There is that similar "apples to oranges" comparison in the CIS study on immigration. It assumes that the demographic composition between immigrant families and native families are identical, and the truth is that they're not. As CIS points out, immigrant households are more likely to be on welfare than native households because they are poorer and less educated. If that is the case, shouldn't we filter out those who are 300 or 400 percent above the federal poverty line so one can determine whether it is poverty or being an immigrant that makes one more likely to consume welfare? CIS also doesn't filter out illegal immigrants (something it says it will do in a forthcoming study), and it does not factor in the fact that immigrant households are larger than native households. At the very least, illegal immigrants/undocumented workers work in the underground market, which means they will be less likely to pay income or payroll taxes (CIS, Figure 9), which simply illustrates the non-analogous nature of this study.

What is even more glaring is that this study only provides the percentage of households in each category (i.e., immigrant versus native), which misleads the reader to assume that welfare consumption, regardless of household or welfare program, is done on a 1:1 ratio. For instance, TANF spending does not have the same fiscal impact on the American economy as Medicaid. More to the point, in order to prove fiscal drain, there needs to be revenues and expenditures for each program. CIS' study falls woefully short because it does not provide the amount in dollars that immigrant households consume versus native households. How can CIS make the claim that "significantly higher welfare use associated with immigrants means that it is very likely immigration is a drain on public coffers" without providing figures on cost?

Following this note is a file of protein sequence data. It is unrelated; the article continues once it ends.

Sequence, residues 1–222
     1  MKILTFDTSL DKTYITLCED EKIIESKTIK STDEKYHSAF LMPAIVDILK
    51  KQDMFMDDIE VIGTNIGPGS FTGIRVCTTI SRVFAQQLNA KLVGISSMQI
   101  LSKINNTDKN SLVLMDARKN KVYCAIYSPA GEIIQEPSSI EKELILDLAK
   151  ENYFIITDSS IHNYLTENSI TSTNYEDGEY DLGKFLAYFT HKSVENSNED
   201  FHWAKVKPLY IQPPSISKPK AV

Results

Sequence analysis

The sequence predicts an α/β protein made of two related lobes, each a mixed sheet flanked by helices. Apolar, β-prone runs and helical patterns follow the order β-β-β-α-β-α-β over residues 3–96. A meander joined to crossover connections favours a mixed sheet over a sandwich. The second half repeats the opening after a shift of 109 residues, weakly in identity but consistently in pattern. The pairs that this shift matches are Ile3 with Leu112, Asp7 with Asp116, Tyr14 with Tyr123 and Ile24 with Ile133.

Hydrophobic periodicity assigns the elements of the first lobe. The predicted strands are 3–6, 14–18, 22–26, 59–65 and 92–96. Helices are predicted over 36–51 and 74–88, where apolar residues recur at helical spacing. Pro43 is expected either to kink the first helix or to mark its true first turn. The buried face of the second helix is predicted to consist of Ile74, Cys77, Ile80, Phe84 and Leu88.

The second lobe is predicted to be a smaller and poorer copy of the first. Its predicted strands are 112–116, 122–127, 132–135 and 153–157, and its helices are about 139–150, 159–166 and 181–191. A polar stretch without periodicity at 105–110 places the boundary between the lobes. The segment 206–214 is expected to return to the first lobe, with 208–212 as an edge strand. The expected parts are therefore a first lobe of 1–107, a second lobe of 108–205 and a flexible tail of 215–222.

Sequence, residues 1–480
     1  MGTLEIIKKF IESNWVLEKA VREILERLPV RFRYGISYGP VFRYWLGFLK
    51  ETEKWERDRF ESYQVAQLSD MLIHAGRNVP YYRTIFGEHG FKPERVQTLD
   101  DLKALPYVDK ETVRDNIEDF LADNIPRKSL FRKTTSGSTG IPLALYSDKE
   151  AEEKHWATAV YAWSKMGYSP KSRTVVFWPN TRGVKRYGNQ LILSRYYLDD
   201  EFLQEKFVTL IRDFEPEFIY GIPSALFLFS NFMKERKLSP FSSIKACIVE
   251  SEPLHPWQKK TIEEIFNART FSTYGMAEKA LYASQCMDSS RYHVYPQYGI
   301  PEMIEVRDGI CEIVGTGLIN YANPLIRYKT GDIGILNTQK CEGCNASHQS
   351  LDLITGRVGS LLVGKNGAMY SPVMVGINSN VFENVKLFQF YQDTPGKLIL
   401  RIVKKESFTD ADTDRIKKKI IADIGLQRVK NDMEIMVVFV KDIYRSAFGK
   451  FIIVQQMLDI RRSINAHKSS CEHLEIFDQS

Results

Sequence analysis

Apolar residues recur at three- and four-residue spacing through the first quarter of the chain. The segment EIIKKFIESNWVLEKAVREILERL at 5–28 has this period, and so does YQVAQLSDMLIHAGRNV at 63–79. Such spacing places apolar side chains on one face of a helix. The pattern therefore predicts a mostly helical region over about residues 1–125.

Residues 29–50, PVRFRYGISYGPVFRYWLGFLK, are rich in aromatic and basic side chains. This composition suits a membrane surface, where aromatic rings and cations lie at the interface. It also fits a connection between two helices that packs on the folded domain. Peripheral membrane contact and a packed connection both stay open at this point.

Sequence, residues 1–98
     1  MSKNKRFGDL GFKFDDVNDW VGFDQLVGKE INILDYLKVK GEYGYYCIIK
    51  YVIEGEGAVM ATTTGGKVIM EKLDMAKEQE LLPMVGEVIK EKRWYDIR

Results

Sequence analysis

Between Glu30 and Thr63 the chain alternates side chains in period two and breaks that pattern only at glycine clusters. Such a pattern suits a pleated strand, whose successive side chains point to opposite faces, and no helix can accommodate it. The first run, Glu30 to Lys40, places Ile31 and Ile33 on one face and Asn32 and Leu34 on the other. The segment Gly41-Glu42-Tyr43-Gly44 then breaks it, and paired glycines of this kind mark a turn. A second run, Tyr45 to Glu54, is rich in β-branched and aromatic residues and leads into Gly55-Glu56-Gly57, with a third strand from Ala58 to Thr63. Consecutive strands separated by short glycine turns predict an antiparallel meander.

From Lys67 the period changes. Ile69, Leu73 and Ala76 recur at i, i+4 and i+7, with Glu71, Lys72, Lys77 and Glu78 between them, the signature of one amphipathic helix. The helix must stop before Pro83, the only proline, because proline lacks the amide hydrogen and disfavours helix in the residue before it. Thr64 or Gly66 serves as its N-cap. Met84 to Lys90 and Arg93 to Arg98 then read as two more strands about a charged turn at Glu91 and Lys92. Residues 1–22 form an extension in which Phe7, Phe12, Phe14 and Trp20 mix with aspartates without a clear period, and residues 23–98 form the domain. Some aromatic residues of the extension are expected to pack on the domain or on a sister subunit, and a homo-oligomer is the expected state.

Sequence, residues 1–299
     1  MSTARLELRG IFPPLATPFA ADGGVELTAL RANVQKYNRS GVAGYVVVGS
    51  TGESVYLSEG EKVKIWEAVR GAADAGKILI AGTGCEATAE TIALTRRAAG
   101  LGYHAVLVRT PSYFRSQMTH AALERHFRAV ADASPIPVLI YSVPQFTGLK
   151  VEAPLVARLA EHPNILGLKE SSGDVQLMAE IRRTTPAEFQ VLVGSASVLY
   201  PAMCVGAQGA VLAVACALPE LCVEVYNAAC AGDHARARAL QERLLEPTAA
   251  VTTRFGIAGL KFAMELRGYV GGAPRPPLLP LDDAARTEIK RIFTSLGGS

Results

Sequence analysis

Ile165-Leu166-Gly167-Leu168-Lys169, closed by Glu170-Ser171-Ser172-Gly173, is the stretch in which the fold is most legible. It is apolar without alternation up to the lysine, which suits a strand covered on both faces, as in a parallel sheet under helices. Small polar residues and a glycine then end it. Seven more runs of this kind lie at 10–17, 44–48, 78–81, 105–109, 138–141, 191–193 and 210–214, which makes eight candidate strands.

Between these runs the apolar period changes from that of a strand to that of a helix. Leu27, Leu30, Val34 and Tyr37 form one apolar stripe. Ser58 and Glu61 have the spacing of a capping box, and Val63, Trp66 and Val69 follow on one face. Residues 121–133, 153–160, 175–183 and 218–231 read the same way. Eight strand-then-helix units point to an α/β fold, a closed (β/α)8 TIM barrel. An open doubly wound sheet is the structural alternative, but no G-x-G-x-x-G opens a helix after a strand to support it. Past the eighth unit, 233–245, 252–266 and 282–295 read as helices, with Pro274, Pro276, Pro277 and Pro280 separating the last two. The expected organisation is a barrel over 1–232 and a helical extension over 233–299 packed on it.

Setting that glaring omission aside for a moment, in order to determine if immigrants are indeed a drain, you need to calculate net fiscal costs, which means that you need to also add in the economic benefit that they are creating. If the economic benefit exceeds the cost, then immigrants are an asset to the United States economy. If cost exceeds benefit, then and only then could immigrants be considered a net drain. Which is it then: economic boon or drain? After looking through the available fiscal data and empirical research, not only do immigrants consume less welfare in dollar terms, but the conclusion that I came to is that immigrants, even the low-income households, are a net benefit to the United States economy.

If determining fiscal drain were the primary purpose for CIS to release this study, then it should have provided fiscal data to affirm that claim. Some will use this study to confirm their biases against immigration, but I hope that you, the reader, decide to review the fiscal data yourself to determine the fiscal effects of immigrants on the American economy. What I will end with is this: providing non-analogous percentages of ambiguously defined households and their welfare consumption without fiscal data is specious, to say the least.